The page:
A Reflection on the Fourth Sunday in Advent, December 19, 2021
Reading I: Micah 5:1-4a
Responsorial Psalm: 80:2-3, 15-16, 18-19
Reading II: Hebrews 10:5-10
Gospel: Luke 1:39-45
We are approaching the final Sunday of Advent; the time of preparation is quickly waning, and soon, we will be at the threshold of celebrating the Christmas mystery, the mystery of God becoming human.
This Sunday, we are presented with the Gospel story of the young pregnant Mary of Nazareth. She has traveled in haste to the hill country of Judea, some eighty miles to the south from her hometown of Nazareth. She intends to be with her older cousin Elizabeth, the one who was called barren, but now in her old age has been blessed by God with pregnancy also.
This story paints a beautiful scene of Mary and Elizabeth greeting one another. Two expectant mothers share an embrace, not only an embrace of each other but an extraordinary and holy embrace by God. We see the lives of both women have been transformed through the power of God’s spirit.
We are told of what happened between the child in Mary’s womb and the child in Elizabeth’s womb, and this was a divine encounter. This is exactly what the psalmist described as: “When love and faithfulness meet, when justice and truth meet; righteousness and peace embrace each other” (Ps 85, 10). Elizabeth and Mary experienced this.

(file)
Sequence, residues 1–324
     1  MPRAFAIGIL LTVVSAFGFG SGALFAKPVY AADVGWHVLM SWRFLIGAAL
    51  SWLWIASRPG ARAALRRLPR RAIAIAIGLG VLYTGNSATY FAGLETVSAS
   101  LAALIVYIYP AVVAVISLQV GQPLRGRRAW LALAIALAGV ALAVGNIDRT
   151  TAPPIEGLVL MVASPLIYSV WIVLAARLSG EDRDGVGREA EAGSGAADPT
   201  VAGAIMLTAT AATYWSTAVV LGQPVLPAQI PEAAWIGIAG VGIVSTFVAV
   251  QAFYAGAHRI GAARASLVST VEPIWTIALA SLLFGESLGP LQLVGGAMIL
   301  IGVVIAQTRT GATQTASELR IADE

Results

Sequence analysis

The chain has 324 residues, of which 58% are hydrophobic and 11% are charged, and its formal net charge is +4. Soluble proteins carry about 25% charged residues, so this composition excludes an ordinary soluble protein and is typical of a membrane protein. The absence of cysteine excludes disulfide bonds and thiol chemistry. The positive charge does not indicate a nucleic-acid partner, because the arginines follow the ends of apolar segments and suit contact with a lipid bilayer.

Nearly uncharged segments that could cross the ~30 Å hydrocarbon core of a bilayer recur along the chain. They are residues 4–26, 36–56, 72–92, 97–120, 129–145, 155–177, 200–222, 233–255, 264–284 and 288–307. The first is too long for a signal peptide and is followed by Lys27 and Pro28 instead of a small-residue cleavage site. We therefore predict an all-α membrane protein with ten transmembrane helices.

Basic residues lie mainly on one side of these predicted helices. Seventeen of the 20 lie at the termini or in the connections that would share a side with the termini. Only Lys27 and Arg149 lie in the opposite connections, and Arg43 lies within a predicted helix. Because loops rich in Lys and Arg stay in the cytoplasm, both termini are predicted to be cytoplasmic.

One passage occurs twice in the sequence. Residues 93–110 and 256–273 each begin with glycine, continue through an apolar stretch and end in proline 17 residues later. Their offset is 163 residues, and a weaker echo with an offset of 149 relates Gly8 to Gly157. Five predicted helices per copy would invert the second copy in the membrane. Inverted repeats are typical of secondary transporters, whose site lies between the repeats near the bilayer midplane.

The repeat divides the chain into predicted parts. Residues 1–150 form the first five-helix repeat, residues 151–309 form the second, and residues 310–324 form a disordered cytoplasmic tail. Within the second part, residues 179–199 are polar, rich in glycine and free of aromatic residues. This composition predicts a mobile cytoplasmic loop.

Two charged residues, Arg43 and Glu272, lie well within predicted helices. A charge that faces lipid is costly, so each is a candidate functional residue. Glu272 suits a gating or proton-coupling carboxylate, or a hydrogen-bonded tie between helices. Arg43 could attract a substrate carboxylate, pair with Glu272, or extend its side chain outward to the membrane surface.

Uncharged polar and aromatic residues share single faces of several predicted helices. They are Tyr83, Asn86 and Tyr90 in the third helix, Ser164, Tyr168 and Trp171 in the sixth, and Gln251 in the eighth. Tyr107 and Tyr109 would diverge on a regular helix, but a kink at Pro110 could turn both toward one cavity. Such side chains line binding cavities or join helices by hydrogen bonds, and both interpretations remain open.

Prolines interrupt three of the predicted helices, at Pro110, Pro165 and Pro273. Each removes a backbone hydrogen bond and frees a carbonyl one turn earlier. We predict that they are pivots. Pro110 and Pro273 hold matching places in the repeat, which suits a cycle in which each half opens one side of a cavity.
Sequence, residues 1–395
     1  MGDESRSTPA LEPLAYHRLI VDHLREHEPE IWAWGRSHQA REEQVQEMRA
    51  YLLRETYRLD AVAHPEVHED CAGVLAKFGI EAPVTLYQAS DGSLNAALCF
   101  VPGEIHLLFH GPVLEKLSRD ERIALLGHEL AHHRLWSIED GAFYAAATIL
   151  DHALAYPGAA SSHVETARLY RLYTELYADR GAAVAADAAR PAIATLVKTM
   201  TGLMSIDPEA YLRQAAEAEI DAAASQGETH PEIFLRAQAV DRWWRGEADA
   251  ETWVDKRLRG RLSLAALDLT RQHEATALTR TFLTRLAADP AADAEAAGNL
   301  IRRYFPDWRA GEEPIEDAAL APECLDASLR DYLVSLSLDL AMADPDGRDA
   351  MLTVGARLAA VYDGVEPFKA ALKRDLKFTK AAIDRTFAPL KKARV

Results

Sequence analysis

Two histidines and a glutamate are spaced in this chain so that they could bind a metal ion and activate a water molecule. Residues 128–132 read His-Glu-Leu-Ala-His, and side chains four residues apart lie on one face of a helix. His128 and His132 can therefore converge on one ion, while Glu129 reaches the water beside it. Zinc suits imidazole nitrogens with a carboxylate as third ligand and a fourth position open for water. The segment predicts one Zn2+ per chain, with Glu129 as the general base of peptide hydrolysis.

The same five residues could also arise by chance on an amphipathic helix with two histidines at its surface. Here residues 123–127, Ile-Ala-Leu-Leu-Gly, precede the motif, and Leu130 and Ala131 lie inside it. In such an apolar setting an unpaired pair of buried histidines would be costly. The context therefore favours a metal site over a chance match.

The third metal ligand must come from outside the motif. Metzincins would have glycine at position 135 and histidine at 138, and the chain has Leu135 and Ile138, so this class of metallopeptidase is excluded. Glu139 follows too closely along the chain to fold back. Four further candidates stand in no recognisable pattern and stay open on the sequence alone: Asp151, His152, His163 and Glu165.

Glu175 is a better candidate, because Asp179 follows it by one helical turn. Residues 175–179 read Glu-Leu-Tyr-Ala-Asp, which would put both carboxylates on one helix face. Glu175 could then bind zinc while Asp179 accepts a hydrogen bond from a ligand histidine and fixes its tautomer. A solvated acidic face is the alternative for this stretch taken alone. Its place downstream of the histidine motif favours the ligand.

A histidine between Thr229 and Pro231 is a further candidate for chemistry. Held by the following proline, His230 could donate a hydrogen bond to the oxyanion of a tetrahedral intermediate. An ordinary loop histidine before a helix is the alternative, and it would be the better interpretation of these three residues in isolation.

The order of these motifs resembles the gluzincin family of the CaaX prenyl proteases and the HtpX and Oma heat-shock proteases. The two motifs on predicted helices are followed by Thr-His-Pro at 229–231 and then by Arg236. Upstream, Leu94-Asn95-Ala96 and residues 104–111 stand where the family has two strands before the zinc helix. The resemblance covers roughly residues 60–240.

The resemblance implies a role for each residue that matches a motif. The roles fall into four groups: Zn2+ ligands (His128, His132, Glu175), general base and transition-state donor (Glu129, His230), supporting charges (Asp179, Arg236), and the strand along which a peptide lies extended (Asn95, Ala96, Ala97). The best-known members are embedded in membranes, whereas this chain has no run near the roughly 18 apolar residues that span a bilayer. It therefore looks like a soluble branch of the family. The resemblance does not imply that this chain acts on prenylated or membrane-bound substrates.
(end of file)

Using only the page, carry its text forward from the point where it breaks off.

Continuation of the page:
We realize that the visit of Mary to Elizabeth was not just a mere coincidence, and it is part of the well-thought-out plan of God and executed at the appropriate time. God continues to work out His plan and, in this season, God has plans to honor each of us personally with a divine visit.
We are about to experience a divine encounter with the Christmas mystery, the child Jesus. This encounter will fill us with the Holy Spirit, and he will empower us as he empowered Elizabeth. This divine encounter with Christ is meant to bring us transformation, not around us but in us. It will provoke peace and greater joy in our hearts as it did for Elizabeth and the child in her womb.
This transformation is not stagnant. Just as Mary went out of her way, we too are called to share our transformation with others around us no matter the difficulty of the journey before us.
The transformation brought about by the Christmas mystery is the power of love, compassion, mercy, and friendship to those around us. Just as John the Baptist recognized the presence of Jesus in the womb of Mary and was filled with joy, others around us will be able to recognize the transformative power of the Christmas mystery within us and also be filled with joy.
So, as we contemplate this last week of Advent, let us continue to prepare; let us be as hospitable, generous, humble, and loving as Mary was to Elizabeth. Most of all, let us be open to the transformative power of the Christmas mystery and share that mystery with others.
Reference: “Visitation of the BVM” by Lawrence OP is licensed under CC BY-NC-ND 2.0